Vince said he and Calmer (although he didn’t mention Calmer by name) had visited each other’s farms. On Calmer’s ground, Vince noticed “beautiful black soil” but no earthworm activity. 

“Now conversely, when that same gentleman stepped on my soil in southwest Ontario, the first words out of his mouth when he made 20 steps out in the field were, ‘Wow, you have a tremendous amount of earthworm activity,’” Vince said.

That’s thanks to cover crops, according to Vince, crediting them for providing a beneficial environment for earthworms, soil microbes and more to cycle nutrients and prevent stratification.

“I am not saying it can't happen, but I believe that part of the problem is the methodology, and he's not taking it full circle,” Vince said. “He's blaming the principle of no-till farming and saying no-till is the villain. You need to have the integration of living roots in conjunction with the mechanization of no-till.”

Fixing Soils

Vince and I talked after his presentation, and he told me he’s concerned about no-tillers turning back to tillage, instead of cover crops, as a result of all the buzz around vertical stratification.

Jim Hoorman, a No-Till Innovator and soil health consultant, shared his own take on Calmer’s study in a recent article for Ohio’s Country Journal. Hoorman says Calmer’s field, which had been in a corn-soybean rotation for years, only had live roots in the ground for about a third of each year. Live, fine roots exude root exudates that promote good soil structure; allow water, nutrients and gasses to move deeper into the soil profile; absorb soluble nutrients; and improve compaction, according to Hoorman.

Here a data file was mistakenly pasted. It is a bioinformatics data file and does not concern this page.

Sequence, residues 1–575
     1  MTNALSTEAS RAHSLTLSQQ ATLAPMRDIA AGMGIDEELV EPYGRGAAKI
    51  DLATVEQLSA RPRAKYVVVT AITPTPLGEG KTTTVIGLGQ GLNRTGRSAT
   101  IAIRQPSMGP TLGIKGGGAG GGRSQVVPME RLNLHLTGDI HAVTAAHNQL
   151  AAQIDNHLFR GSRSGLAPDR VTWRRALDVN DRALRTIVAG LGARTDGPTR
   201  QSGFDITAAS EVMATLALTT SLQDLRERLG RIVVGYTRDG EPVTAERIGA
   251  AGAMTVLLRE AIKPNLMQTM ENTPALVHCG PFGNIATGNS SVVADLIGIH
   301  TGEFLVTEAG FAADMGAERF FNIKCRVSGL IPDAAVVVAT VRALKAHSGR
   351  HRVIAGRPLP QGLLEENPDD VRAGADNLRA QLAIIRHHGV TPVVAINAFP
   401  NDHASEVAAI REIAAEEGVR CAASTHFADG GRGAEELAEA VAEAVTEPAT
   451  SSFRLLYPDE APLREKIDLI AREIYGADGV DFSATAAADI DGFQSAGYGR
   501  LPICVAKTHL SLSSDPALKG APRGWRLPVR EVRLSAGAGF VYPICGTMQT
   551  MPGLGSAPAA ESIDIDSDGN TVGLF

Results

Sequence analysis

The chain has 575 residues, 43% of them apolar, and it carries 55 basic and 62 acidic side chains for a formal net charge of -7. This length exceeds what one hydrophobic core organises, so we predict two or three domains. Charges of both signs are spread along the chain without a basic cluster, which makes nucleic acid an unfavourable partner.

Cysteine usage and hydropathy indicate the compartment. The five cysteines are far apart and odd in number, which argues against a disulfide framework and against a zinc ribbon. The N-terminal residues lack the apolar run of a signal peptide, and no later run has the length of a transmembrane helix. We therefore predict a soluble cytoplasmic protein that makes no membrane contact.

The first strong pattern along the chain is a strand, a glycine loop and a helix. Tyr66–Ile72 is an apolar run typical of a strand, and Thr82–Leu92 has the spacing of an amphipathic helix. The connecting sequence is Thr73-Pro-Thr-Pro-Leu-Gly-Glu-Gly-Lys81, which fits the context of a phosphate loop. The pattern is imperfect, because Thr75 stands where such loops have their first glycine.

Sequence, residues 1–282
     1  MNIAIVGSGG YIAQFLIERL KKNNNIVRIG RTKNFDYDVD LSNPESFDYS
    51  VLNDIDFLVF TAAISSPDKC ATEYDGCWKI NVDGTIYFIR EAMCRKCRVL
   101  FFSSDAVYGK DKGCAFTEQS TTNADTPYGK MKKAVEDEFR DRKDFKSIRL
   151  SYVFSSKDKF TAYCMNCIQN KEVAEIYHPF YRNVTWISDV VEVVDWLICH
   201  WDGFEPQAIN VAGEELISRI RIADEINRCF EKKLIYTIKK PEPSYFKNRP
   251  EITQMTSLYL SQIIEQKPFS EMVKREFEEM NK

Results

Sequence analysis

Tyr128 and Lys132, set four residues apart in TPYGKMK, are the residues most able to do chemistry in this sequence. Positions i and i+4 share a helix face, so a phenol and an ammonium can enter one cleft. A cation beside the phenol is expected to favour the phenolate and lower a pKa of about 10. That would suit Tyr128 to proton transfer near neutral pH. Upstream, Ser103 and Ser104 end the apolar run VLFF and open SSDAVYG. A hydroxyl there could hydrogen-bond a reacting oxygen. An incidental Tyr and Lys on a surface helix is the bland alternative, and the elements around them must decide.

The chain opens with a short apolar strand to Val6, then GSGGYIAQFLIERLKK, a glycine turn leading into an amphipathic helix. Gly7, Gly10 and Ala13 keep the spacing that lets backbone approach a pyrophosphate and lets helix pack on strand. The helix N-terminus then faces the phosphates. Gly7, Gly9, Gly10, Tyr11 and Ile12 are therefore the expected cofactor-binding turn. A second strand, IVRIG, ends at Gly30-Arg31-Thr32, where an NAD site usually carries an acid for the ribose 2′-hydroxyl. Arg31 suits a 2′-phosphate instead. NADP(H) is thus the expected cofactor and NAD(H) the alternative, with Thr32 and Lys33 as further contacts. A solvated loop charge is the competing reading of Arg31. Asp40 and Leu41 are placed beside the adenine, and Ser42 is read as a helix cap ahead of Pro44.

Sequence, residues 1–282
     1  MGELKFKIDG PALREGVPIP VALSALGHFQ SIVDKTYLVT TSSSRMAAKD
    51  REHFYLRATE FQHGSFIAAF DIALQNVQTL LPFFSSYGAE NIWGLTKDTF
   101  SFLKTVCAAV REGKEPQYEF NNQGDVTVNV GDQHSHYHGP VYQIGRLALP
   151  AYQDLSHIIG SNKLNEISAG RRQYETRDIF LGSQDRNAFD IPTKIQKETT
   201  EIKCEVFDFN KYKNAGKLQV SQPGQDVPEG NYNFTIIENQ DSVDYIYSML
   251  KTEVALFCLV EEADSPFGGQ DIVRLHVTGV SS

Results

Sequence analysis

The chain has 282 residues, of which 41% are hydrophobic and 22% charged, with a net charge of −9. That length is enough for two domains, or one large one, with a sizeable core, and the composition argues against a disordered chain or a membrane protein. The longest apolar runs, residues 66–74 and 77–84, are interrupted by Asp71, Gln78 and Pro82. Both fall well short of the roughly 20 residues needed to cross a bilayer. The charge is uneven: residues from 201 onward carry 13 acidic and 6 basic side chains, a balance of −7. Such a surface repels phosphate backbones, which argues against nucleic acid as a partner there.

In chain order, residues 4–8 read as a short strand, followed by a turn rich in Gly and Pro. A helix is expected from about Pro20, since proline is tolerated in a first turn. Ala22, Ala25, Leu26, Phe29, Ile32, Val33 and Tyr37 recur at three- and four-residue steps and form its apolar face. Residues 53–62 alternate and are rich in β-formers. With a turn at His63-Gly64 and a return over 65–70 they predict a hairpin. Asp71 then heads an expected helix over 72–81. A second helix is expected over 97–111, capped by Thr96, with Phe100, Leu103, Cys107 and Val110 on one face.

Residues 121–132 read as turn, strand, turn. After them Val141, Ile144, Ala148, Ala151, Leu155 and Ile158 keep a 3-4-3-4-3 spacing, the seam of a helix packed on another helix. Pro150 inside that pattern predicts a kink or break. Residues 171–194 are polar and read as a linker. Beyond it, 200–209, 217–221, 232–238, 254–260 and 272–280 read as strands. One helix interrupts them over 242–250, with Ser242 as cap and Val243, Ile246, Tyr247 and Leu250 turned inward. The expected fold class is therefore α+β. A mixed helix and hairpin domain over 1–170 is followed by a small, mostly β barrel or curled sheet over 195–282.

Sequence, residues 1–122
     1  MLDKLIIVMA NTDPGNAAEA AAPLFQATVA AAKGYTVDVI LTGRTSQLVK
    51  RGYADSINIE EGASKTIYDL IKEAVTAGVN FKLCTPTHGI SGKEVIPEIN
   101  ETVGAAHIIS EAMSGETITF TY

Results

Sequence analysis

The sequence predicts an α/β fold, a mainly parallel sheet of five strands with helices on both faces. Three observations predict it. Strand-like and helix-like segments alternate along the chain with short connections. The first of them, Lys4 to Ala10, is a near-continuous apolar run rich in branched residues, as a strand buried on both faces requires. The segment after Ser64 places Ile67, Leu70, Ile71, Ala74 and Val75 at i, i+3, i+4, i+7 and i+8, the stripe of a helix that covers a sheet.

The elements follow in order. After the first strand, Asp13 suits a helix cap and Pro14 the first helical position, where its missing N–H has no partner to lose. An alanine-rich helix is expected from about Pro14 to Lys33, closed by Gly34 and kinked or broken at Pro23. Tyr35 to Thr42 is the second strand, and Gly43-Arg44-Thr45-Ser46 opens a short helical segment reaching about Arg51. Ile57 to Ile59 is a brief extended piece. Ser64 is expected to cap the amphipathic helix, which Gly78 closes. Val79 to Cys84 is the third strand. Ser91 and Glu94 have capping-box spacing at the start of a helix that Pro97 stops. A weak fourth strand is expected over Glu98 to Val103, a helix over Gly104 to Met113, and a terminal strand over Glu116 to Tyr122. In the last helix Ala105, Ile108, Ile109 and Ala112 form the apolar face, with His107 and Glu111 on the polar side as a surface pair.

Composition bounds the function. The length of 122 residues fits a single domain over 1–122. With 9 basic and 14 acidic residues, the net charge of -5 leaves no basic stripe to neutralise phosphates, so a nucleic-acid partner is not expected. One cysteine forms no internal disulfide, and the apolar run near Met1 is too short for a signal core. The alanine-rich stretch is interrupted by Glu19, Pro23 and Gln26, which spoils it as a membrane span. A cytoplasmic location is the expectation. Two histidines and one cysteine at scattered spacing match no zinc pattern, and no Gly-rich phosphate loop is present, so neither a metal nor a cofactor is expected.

“Long-term no-till plus cover crops mimic virgin soils,” Hoorman writes. “It may take 3-7 years to fix the poor soil structure and compaction problems from previous tillage passes, but over time, it is a more permanent solution.”

Hoorman pointed out that fellow No-Till Innovator Mike Starkey, who farms in Brownsburg, Ind., did the same 1-inch incremental study on two of his long-term no-tilled and cover cropped fields. 

“His soils are acting like a sponge, and he did not find any stratification,” Hoorman writes. “In a 7-year study on water quality, his farm is hardly losing any nutrients, compared to conventional fields nearby which are losing both soil nutrients and soil sediment.”

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If Calmer is going to keep tilling and not using cover crops, Vince suggested that he do a 5-year experiment tracking yields in conventional tillage vs. no-till. Vince predicts now that Calmer has burned up all the carbon in the tilled strip, conventional yields will start to decline. Even better, in the eyes of many no-tillers, would be if Calmer starts comparing no-till with covers to straight no-till, eliminating the tillage pass altogether.

Marion, it seems as though the no-till community is issuing you a challenge. Devoted no-till and cover croppers want to see what happens if you give covers a chance.

Related Content

Placing Soil Stratification Under a Microscope (Part 1)

How Much Do Stratified Soils Cost in Dollars & Bushels? (Part 2)

Is Nutrient Stratification a ‘Natural State’ for No-Till Fields?